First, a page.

There are more than a million KOLs in a long-tail of influencers with more than 10,000 subscribers.
Brands are getting stuck in
69% of global beauty brands have used a livestreaming platform in China, according to research by L2. 49% of beauty brands have done so via Tmall and 35% with Taobao.
It’s not just about beauty though, with a survey conducted by Admaster suggested 37% of advertisers in China would consider working with celebrities or livestreaming hosts in 2017.
Brand broadcasting can be more along the lines of TV shopping, with higher production values and many staff involved. Such streams may not be consigned to one streaming app, and so brands will be working with audiences on multiple platforms.
Here are some of the 2016 brand livestreaming campaigns I could find:
Maybelline sold 10,000 lipsticks in two hours through its livestreaming with Angelababy on Meipai.
Mondelez and agency Carat worked with popular singers to launch its double chocolate Oreo. Da Zhangwei had to sing Oreo’s ingredient list to the tune of a love song whilst the biscuits were pushed into his mouth. The show was aired on Alibaba’s platforms (Taobao, Tmall, Youku Tudou, Laiwang) and got 4.5m live views.
Adidas worked with a graffiti artist on its ZX Flux livestream. The viewers were able to influence the artist’s designs. Watch it here.
Changdi, electric oven manufacturer, ran a weekly series of livestreams with a KOL, focusing on easy recipes such as cookies. Viewer numbers exceeded 300,000 according to daxue consulting.
Chong, an upmarket clothing brand, worked with writer and food KOL WenYi, answering questions from fans in a more conventional influencer-style promotional livestream. Revenue reached ¥5m the day after broadcast.
Hilton worked with KOLs and their families staying at Hilton Hotels during the National Holiday. This campaign differed because each location and hotel managed its own KOLs and content. More from Jing Daily.
There are numerous livestreaming platforms
Here’s a rundown of some of the most notable livestreaming platforms (there are more than 30 in total).
- Youku Tudou – owned by Alibaba and very much like China’s YouTube.
- WeChat – the multifunctional messaging app includes livestream functionality.
- YY Live – the earliest and largest livestreaming community on PC used YY, but the platform has fallen behind as other tech companies have invested in mobile.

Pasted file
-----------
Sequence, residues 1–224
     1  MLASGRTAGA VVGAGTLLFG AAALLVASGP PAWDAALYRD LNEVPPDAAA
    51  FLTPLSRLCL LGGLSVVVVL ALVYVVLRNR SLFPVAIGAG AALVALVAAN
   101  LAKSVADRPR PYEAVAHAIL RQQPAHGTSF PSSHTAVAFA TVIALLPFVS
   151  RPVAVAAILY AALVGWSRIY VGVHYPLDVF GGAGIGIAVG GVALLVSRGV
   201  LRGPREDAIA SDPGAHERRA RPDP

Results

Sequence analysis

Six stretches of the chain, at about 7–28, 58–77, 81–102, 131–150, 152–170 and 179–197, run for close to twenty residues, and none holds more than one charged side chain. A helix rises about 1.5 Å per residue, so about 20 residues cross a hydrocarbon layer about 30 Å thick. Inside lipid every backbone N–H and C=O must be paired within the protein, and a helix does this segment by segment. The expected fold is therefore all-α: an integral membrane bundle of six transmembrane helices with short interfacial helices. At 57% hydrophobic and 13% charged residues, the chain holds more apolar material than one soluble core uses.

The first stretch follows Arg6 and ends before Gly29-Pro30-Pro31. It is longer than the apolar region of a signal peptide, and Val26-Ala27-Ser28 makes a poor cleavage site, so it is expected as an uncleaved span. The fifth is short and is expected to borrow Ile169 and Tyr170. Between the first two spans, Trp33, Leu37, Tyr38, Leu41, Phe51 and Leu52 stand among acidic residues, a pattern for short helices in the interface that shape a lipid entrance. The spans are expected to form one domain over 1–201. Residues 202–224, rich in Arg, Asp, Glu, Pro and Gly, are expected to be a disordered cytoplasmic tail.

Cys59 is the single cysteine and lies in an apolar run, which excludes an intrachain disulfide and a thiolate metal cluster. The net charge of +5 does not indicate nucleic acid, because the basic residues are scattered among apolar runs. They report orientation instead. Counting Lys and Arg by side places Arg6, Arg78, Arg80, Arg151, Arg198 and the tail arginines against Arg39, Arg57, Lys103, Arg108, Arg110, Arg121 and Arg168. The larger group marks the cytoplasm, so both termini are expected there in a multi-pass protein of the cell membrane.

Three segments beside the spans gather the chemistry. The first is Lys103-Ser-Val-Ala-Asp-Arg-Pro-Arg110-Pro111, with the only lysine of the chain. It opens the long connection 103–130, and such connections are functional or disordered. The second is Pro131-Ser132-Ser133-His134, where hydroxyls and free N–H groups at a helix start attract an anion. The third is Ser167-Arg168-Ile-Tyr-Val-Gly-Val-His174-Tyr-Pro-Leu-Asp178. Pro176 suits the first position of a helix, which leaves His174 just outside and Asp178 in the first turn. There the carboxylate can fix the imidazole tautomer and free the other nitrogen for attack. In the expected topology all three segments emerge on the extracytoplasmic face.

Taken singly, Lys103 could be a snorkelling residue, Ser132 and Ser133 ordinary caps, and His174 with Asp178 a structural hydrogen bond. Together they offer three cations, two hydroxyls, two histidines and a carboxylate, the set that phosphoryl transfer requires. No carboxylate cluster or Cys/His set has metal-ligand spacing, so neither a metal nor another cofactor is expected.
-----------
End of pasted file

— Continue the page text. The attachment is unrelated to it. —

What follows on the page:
- Inke Live – popular mobile app that includes broadcaster tools such as a ‘beautycam’ which smoothes skin and a sound equaliser.
- Weibo – the equivalent of Twitter. Has seen an upturn in its fortunes thanks to livestreaming. More MAUs and 200m livestreams between April and June 2016 alone.
- Huajiao Live – app which saw impressive user growth in 2016 and is becoming more central to social networking in China.
- Momo – the social dating app mentioned previously, livestreaming is becoming an important revenue channel.
- 6Rooms (6.cn) – possibly the first service to offer livestreaming back in 2008.
- Meipai – a free app that became very popular, very quickly in 2015, thanks to a growth hack (share the app to unlock features) and a large number of special effects to make anyone a ‘producer’.
- Bigo – made in Singapore and big in South East Asia. An app where participation (including gifting) rewards viewers and streamers with points which help them to promote their own content.
The Inke app
Alibaba is serious about livestreaming
Taobao has its own livestream channel, Taobao Live, which according to Alibaba sees a conversion rate of 32% i.e. 32 items added to cart for every one hundred views.
Alibaba has also been investing in other companies such as Weibo (31.5%) and Youku Tudou (which it owns), and this helps to bring popular KOLs across to Taobao. Products will be promoted with clickable links during livestreams on a variety of topics.
This live video is important in the context of rapidly growing numbers of mobile shoppers (around 500m on Taobao) who each engage multiple times a day with the Taobao app for an average of around half an hour. Livestreaming is just one part of a strategy to make shopping more sticky and deliver the same addictive hit as social media.
Interestingly, as reported in Forbes, Alibaba invested $46m in 2016 in a company called Ruhan whuch incubates KOLs, teaching them how to blog and interact with fans.